The variation is what makes these interesting! Besides the straight haft, they changed the angle to ≈90 degrees. To my eye, the older wide angle is more pleasing. It's cool that the DC rate adopted a fire axe in '48, different from the old carpentry axes of the CM. Somebody put some thought into it. Thanks for the post, MastersMate!

 

Justin B.



#9 sigsaye

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Posted 18 April 2018 - 11:06 AM

The variation is what makes these interesting! Besides the straight haft, they changed the angle to ≈90 degrees. To my eye, the older wide angle is more pleasing. It's cool that the DC rate adopted a fire axe in '48, different from the old carpentry axes of the CM. Somebody put some thought into it. Thanks for the post, MastersMate!
 
Justin B.

. I fully agree. With thenSM rate, the older flags were made to look Wavey, while those I wore were stiff.

#10 stratasfan

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Posted 18 April 2018 - 11:36 AM

Oh, what an interesting thread! I have a question to add into this. My Grampa joined the USCG in 1947, and he wanted to join the Navy. Afriend, however, talked him into joining the CG because you got the same uniform that attracted all the girls (;)) except that there was a little patch on the wrist area of a sleeve that distinguished between the USN and the USCG. (The friend also said that in the USN, you'd be deployed for the majority of your service, and in the USCG you would stay on land. Grampa served 20 years, and the majority was out of the lower 48 and on the sea! ;) ) So . . . what is the little patch on the sleeve that he always talked about? Seems I remember something about an anchor, but don't quote me on that. It's been too long.



#11 sigsaye

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Posted 18 April 2018 - 12:25 PM

Oh, what an interesting thread! I have a question to add into this. My Grampa joined the USCG in 1947, and he wanted to join the Navy. Afriend, however, talked him into joining the CG because you got the same uniform that attracted all the girls (;)) except that there was a little patch on the wrist area of a sleeve that distinguished between the USN and the USCG. (The friend also said that in the USN, you'd be deployed for the majority of your service, and in the USCG you would stay on land. Grampa served 20 years, and the majority was out of the lower 48 and on the sea! ;) ) So . . . what is the little patch on the sleeve that he always talked about? Seems I remember something about an anchor, but don't quote me on that. It's been too long.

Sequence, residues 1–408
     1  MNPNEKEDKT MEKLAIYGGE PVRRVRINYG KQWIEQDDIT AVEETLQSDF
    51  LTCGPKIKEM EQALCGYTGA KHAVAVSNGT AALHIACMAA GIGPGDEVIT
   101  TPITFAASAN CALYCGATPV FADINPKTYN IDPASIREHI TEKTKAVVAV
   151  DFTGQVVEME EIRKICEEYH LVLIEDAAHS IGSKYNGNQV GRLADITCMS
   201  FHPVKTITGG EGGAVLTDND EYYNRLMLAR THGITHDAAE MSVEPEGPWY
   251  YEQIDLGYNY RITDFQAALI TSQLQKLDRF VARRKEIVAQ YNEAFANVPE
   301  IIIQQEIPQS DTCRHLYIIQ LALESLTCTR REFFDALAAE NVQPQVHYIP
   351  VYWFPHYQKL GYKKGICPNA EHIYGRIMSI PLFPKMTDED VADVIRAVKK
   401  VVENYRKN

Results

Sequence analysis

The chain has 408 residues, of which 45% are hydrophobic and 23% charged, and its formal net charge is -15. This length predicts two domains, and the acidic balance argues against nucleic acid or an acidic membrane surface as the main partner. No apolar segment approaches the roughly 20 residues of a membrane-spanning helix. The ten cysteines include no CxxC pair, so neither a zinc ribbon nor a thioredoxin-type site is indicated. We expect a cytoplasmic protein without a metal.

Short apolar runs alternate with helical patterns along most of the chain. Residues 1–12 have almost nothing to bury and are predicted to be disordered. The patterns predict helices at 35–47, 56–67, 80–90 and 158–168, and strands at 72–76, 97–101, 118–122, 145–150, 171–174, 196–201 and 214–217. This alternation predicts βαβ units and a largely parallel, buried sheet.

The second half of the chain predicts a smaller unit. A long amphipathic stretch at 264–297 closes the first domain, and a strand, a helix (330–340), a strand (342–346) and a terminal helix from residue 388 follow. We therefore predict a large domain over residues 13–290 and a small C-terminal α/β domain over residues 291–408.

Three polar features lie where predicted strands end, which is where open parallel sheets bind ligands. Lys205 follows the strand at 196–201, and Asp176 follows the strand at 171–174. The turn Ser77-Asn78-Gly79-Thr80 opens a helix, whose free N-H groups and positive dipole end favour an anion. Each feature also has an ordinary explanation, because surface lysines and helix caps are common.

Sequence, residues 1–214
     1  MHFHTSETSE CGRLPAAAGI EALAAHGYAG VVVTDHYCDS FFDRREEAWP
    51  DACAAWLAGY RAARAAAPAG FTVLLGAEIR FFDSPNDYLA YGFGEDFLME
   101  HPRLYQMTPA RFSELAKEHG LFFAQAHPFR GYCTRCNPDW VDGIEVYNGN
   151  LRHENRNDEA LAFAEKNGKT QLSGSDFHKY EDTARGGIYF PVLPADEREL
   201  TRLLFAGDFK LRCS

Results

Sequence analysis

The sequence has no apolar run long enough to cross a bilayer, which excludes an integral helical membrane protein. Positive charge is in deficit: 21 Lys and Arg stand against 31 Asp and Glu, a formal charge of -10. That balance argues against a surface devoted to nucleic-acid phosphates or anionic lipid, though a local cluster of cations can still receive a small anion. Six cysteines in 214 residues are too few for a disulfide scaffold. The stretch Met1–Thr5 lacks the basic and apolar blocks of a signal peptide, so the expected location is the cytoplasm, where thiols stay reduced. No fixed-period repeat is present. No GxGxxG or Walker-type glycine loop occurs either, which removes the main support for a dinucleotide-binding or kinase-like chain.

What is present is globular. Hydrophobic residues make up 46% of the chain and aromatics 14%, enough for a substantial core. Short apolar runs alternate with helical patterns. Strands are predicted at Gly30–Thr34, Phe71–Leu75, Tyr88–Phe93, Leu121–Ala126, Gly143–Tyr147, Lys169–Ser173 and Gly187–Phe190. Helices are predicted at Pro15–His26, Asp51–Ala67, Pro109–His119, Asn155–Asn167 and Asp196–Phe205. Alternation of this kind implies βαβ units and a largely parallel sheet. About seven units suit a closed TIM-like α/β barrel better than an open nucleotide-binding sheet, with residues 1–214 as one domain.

. Coast Guard Shield. Right forearm.

#12 stratasfan

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Posted 18 April 2018 - 12:42 PM

Oh, super. What does it look like. All I'm getting on a Google image search is the CG Aux. logo.



#13 sigsaye

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Posted 18 April 2018 - 01:22 PM

I dont know how to post photos from my phone ( no computer). But look up us coast guard uniforms WW2. It really is just a shield.

#14 Justin B.

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Posted 18 April 2018 - 01:38 PM

MastersMate is the guy for USCG uniform history, but here are WW2 USCG shields from National Geographic.

 

uscg_shields.jpg



#15 stratasfan

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Posted 18 April 2018 - 01:40 PM

Oh, super cool! Thanks!  Would these actually be embroidered on the uniform, or sewn on? I mean, could I get one not on a uniform? :)



#16 Justin B.